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EU probes Chinese site AliExpress over potentially illegal online products

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The European Union also sent requests for info to tech giants on their use of generative artificial intelligence.

The European Commission has opened a formal investigation into Chinese e-commerce site AliExpress over concerns about illegal and pornographic content on its platform.

In a statement on Thursday, the European Union’s executive arm said it would investigate the e-commerce giant under its Digital Services Act (DSA), a law requiring companies to do more to tackle illegal and harmful products on their platforms.

The probe will determine if AliExpress breached the DSA in “areas linked to the management and mitigation of risks, to content moderation and the internal complaint handling mechanism, to the transparency of advertising and recommender systems, [and] to the traceability of traders and data access for researchers,” the commission said.

Fake medicines, food, and dietary supplements sales – as well as pornographic material that the commission said minors can still access on the website – are major issues, the statement read.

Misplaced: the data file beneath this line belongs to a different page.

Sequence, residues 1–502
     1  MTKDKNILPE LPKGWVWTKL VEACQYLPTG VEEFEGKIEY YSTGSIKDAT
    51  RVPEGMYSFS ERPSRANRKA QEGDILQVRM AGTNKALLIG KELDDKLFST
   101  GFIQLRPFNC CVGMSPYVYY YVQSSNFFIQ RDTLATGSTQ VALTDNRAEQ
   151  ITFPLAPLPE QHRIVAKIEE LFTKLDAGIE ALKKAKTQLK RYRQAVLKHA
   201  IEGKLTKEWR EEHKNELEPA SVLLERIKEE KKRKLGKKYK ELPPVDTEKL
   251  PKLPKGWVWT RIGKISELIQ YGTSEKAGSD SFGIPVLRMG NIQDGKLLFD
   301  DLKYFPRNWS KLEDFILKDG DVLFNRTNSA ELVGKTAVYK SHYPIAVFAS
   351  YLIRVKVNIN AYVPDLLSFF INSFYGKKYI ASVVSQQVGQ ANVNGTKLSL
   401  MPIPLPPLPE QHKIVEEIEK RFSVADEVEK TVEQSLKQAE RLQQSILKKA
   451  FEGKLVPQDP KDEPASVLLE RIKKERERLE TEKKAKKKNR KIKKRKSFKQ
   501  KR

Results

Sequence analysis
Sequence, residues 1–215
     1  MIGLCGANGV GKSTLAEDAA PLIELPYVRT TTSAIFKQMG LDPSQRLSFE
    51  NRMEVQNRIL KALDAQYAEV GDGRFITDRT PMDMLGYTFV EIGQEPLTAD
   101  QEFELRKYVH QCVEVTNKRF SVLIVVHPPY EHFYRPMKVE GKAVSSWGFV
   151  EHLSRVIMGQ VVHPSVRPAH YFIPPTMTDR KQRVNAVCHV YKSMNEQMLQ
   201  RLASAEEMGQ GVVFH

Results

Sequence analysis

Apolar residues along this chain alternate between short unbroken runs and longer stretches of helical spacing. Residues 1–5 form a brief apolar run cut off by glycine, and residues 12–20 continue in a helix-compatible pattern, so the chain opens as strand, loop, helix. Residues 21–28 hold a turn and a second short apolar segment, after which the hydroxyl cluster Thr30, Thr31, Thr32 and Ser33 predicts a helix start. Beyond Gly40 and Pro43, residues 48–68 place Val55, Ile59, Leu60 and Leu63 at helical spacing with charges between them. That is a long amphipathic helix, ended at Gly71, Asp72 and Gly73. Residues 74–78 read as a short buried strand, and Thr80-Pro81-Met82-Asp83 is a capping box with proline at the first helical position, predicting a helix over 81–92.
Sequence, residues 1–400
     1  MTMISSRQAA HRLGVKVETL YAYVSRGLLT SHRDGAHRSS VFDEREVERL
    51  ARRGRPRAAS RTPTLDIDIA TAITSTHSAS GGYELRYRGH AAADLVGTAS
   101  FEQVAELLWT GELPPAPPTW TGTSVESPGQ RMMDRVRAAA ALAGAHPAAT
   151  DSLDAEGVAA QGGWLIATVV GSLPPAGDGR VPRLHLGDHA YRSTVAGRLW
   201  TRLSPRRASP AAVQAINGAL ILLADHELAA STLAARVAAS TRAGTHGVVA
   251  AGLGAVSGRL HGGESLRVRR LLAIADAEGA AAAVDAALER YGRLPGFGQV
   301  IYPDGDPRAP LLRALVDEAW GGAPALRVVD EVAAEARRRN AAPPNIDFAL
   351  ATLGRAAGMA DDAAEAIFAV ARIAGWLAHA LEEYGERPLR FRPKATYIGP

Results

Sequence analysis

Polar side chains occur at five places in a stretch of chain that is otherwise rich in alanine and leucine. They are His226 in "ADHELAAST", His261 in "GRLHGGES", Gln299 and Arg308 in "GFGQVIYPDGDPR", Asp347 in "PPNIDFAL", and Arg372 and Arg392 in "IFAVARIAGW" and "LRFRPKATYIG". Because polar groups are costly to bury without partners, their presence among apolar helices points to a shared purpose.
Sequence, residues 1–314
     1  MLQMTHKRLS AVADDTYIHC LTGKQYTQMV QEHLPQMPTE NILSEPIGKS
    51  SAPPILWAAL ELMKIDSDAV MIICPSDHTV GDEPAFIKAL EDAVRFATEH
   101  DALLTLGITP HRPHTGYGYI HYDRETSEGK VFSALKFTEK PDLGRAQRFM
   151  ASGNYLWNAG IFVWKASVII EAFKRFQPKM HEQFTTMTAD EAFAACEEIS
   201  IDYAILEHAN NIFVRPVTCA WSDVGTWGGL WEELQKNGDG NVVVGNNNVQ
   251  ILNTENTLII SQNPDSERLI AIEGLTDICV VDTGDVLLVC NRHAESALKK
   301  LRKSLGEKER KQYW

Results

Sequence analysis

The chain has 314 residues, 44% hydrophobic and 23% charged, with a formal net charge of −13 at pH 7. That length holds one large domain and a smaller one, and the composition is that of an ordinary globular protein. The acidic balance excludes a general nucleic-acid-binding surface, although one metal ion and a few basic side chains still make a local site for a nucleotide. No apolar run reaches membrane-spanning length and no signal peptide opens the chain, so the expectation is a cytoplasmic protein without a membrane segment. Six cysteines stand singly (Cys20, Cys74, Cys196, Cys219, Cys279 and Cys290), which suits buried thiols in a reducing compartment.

How AliExpress recommends products to shoppers and whether the site complies with a rule requiring a searchable repository of adverts provided on the platform are other areas of investigation.

The move followed a “request for information” order the EU sent to Alibaba Group Holding Limited, owners of AliExpress, last November, in what was the first stage of the investigation.

In recent months, the EU has challenged the might of Big Tech companies with the DSA – which first came into force last August – and a sister law, the Digital Markets Act.

Both policies have hit tech giants with strict curbs and obligations on how they do business. So far, they have targeted “very large” platforms with more than 45 million monthly European users.

Platforms face fines that can go up to six percent of their global turnover for violations.

“The Digital Services Act is not just about hate speech, disinformation and cyberbullying,” Thierry Breton, the European Commission’s internal markets chief, said on Thursday.

“It is also there to ensure [the] removal of illegal or unsafe products … This is not negotiable.”

On Thursday, the commission also sent requests for information to Microsoft, Alphabet, Meta, TikTok, Snapchat, X – formerly Twitter – and others regarding their use of generative artificial intelligence (AI).

Officials said they will examine whether the companies conduct risk assessments and have risk mitigation measures to tackle potentially harmful generative AI content.

Microsoft’s LinkedIn will separately receive scrutiny over whether it allows profiling in its advertising service following a complaint from civil society organisations.

Earlier in February, the commission opened formal probes into TikTok regarding concerns that the site breached transparency, minor protection, and addictive design rules.

Probes into Meta and X were also announced in December over their regulation of disinformation regarding Israel’s ongoing war on Gaza.

On Wednesday, the European Parliament greenlit the Artificial Intelligence Act, the world’s first set of rules to regulate AI. The act is expected to be endorsed by the European Council in May.

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